I believe the preces are better translated than the canons -- the standard Latin syntactical structures probably produce a better result than the flatly paratactic prayers currently in use. But improved versions of these prayers were presented to Rome in 1998 and Rome turned them down. Thus the whole English speaking world has had to continue to live with those unprayable sawdust texts. The hungry sheep look up, and are not fed -- again and again. Despite the billions of dollars spent financing the Vatican it is monumentally incompetent!

gedsmk

Here's the Collect for the 1st Sunday of Advent:

Grant, we pray, almighty God, that your faithful may resolve to run forth with righteous deeds, to meet your Christ who is coming, so that, gathered at his right hand, they may be worthy to possess the heavenly Kingdom.

Sounds almost impossible to say out loud, doesn't it? "faithful" as a noun? "resolve to run forth"? "they may be worthy"? ugly is as ugly sounds!

Listen to the 1998 version that the Vatican rejected:

"Almighty God, strengthen the resolve of your faithful people to prepare for the coming of your Christ by works of justice and mercy, so that when we go forth to meet him he may call us to sit at his right hand and possess the kingdom of heaven."

Spirit of Vatican II

gedsmk I am gobsmacked by the contrast -- I am googling to see will your texts show up on the internet.

cor ad cor loquitur

Joseph, I'll be surprised if the prayers are translated any better than the canon. There are only snippets of them on the internet so far, but what has appeared is not encouraging.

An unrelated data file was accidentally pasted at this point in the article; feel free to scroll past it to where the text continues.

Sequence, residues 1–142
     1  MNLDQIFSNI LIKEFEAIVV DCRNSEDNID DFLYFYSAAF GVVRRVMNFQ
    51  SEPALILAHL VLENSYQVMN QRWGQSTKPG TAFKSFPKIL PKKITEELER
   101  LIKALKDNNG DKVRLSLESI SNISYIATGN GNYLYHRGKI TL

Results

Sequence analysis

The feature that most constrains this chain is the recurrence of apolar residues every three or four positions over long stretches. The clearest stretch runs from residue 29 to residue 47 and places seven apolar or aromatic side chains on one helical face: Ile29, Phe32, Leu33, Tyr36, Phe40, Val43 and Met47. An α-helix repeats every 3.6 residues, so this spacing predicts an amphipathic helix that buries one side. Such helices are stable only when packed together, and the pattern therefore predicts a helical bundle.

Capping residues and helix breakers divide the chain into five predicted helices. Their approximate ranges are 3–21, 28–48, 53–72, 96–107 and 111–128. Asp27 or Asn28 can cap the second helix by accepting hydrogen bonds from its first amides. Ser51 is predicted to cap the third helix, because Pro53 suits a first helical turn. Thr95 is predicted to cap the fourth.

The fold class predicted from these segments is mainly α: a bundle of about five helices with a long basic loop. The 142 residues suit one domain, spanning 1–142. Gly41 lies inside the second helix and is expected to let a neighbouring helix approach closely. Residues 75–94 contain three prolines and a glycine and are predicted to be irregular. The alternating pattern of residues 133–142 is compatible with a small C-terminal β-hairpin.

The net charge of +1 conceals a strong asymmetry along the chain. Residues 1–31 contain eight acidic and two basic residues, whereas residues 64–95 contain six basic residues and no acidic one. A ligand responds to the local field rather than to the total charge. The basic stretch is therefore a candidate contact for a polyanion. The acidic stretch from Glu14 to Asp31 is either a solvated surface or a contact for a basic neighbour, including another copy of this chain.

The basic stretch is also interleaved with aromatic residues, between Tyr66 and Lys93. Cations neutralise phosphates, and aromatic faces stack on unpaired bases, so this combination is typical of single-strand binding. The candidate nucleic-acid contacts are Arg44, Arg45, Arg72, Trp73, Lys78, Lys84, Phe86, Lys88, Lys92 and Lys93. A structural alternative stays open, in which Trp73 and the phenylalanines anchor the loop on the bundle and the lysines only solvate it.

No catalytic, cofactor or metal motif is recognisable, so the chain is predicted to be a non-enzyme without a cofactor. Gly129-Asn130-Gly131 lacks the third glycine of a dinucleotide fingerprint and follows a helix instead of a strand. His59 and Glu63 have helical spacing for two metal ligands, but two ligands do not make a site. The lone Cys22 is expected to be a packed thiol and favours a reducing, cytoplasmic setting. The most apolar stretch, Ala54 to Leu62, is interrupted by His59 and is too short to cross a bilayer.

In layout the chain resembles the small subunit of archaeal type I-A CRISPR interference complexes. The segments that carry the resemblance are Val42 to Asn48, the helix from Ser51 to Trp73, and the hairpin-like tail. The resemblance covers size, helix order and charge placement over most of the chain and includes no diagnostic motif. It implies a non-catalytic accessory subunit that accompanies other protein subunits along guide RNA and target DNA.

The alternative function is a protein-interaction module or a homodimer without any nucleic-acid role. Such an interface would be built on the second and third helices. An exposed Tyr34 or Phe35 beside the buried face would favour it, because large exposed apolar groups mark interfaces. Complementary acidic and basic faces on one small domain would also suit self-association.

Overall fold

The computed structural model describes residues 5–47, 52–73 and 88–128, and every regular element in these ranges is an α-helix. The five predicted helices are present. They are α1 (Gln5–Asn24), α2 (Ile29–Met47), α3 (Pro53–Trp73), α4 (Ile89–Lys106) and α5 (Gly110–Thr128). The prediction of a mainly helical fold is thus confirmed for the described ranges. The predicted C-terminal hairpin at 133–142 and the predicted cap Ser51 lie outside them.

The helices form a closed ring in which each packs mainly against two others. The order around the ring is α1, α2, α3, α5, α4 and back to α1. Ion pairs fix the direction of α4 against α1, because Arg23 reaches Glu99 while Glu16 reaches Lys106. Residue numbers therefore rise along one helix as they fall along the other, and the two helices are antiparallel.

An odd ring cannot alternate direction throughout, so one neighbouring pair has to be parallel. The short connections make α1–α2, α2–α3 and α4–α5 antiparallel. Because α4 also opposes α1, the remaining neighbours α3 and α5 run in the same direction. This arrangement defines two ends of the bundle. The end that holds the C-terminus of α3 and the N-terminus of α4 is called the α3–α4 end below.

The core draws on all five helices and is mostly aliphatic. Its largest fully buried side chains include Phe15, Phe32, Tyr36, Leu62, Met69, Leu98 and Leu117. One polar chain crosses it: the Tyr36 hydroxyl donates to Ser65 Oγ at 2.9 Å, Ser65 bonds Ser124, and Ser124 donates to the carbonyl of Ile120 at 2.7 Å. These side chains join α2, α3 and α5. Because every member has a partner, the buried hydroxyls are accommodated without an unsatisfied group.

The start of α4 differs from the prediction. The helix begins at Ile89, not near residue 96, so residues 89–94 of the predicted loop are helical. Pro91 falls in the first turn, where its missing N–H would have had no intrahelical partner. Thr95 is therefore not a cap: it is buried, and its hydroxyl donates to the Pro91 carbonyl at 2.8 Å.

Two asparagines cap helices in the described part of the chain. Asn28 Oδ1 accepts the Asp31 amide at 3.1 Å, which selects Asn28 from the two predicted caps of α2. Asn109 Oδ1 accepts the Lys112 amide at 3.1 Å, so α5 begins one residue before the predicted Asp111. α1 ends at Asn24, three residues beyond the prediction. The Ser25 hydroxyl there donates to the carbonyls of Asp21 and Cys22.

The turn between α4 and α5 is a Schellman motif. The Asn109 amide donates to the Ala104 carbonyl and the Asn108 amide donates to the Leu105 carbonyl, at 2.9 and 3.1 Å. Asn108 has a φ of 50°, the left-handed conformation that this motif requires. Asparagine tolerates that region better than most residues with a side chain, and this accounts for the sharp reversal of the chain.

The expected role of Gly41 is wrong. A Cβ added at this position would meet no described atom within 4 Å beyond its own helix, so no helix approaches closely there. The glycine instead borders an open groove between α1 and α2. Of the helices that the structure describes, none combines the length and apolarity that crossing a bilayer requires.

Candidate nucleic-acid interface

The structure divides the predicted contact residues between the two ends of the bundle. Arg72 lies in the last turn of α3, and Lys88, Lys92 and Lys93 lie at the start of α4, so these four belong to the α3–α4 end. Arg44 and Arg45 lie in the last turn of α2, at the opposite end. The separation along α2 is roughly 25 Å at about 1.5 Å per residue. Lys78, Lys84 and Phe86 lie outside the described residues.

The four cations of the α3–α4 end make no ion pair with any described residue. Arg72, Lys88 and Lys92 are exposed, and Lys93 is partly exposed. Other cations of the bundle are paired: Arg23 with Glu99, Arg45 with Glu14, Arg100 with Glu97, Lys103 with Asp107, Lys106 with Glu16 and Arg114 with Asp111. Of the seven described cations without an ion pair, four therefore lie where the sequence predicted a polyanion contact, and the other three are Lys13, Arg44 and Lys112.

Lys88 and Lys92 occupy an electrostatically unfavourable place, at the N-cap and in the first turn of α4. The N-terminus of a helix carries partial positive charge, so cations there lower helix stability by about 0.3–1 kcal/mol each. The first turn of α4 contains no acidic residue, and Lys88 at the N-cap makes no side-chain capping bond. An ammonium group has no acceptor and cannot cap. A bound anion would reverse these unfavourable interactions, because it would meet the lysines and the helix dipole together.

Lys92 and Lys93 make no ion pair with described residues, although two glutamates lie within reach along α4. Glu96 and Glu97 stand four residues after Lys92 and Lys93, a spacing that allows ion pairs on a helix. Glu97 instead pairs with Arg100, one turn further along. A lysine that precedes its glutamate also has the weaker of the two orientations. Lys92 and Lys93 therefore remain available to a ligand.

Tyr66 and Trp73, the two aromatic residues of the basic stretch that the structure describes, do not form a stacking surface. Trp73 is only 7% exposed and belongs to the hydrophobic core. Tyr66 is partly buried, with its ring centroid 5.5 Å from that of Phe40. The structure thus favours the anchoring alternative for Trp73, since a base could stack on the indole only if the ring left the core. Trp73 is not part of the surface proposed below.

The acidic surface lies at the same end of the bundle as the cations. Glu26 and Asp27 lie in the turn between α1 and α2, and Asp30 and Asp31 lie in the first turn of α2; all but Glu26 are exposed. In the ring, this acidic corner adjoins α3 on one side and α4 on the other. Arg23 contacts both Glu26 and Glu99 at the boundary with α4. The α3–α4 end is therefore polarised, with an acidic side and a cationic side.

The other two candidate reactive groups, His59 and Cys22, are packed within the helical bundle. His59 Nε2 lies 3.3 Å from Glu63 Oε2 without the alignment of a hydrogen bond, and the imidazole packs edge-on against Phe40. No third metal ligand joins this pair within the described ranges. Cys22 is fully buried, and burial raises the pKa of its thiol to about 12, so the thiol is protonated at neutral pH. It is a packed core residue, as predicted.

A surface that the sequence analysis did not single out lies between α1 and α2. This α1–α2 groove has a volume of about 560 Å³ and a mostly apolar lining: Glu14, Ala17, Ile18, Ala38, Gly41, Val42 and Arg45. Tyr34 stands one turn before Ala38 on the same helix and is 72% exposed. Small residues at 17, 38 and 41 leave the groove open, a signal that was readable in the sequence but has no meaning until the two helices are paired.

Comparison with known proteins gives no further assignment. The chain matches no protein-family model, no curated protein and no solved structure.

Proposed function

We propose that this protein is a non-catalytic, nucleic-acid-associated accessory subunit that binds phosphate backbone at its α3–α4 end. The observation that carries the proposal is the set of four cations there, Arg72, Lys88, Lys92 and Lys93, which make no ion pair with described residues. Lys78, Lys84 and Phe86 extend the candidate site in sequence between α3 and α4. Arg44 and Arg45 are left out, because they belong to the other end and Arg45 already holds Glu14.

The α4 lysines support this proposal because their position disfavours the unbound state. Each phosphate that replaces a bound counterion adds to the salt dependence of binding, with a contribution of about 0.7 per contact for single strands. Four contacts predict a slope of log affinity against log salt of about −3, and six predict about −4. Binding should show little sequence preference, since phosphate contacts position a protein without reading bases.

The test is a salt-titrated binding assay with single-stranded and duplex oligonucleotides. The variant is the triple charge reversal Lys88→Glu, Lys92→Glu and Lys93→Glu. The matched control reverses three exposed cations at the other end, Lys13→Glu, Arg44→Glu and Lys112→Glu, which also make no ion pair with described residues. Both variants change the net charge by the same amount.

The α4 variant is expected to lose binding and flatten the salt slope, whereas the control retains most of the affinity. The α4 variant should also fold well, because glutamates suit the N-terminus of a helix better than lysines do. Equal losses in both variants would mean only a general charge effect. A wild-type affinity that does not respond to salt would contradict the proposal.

Here's the post-communion for 28th August, the feast of St Augustine. The Latin is

Sanctíficet nos, quaesumus, Domine, mensae Christi participatio, ut, eius membra effecti, simus quod accepimus

which the enlightened new translators have rendered

May the partaking of the table of Christ
sanctify us, we pray, O Lord,
that, being made his members,
we may be what we have received.

I am told that maple tables are especially tasty when served with melted butter.

Gedsmk

I've got this:
"May partaking of the table of Christ
sanctify us, we pray, O Lord,
that, having become his members,
we may be what we have received."
- not much of an improvement

1998 ICEL renders it in such a way that we don't eat the table!
"Sanctify us, O God,
by our sharing at the table of the Lord,
so that, made members of his body,
we may become what we have received."

Gedsmk

Here's another interesting one:
8th September Prayer "over the offerings" (sic)

1998 ICEL first:
"Lord,
Let the humanity of your only-begotten Son
come to our aid.
As the birth of Christ from the Virgin Mother
did not diminish but rather consecrated her virginity,
so may he take away our sins
and make our offering acceptable to you.

Becomes something like a Hammer Horror in the new version:
"As we joyfully celebrate
the Nativity of the Blessed Virgin Mary,
we offer you our gifts, O Lord,
humbly imploring that we may draw strength
from the humanity of your Son,
who from the Virgin was pleased to take flesh."

Andy K

I found the root cause for the quality of these translations. I plugged some of the Latin text into http://translate.google.com/. It came back:

"We are not yet able to translate from Latin into English."